This is a significant assignment, because the events in Refugee are so rich and complex. As a young adult novel, almost all the issues in it could be viewed through the lens of relevance to youth. I have some suggestions below that hopefully can help you fill out a mind map.
Family—the idea of family staying together and safe is a central idea for all three main characters. This is something every young person can connect with, as family is so central to their lives. When the risks of staying put are greater than the dangers facing an uncertain move, that is when families decide to become refugees. Their hope and commitment to staying together is what pulls them to make such a risky decision.
Survival—you could argue that this is not simply an issue for youth, but it has a strong pull for a young person, with so much to live for and so many dreams for the future. What would you not risk, if it meant the chance to grow up and pursue your dreams? Surviving the treacherous journeys across the water is not a guarantee. These young refugees are confronted many times by the possibility that, in fact, they may not live another day. That, too, pushes them to prioritize survival above all else.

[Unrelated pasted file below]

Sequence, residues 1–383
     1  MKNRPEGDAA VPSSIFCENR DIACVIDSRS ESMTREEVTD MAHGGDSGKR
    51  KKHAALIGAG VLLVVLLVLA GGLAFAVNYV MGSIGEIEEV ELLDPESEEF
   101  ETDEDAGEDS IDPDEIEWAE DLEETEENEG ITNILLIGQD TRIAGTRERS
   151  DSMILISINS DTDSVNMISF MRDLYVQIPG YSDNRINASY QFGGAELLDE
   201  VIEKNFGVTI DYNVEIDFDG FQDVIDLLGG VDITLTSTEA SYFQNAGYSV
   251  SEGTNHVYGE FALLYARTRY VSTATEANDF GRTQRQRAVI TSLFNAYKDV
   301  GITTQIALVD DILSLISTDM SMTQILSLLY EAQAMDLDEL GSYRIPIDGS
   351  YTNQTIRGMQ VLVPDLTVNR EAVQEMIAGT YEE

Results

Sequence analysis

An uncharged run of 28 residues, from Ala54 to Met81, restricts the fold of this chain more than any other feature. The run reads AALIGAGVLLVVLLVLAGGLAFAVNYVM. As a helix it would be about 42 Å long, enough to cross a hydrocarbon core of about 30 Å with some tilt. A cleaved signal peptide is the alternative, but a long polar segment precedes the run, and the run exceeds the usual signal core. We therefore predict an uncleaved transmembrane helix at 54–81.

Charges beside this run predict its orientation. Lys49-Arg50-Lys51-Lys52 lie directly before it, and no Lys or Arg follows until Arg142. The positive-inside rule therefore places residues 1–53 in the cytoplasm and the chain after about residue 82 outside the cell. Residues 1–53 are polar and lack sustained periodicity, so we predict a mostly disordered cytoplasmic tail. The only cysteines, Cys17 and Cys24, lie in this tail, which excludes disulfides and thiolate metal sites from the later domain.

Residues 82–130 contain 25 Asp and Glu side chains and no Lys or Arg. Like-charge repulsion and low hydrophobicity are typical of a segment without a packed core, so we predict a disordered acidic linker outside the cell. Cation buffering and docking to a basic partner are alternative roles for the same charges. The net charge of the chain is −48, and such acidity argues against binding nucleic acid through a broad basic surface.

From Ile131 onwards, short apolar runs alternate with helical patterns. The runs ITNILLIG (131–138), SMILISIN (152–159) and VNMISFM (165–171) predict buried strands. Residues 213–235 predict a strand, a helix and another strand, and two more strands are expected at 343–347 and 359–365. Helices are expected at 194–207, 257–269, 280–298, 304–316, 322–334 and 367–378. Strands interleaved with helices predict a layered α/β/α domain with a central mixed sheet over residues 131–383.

Justice—young people have a strong concern for justice and doing what is right. In the novel, the reader is also confronted with this idea. Some of these refugees are escaping to countries that do not welcome them. Is that right? What does fairness mean, when it comes to situations like these? The hope is that, when reading Refugee, a young person might come to understand a bit better the plight of people fleeing these kinds of dangers. Justice is a central idea and a universal one.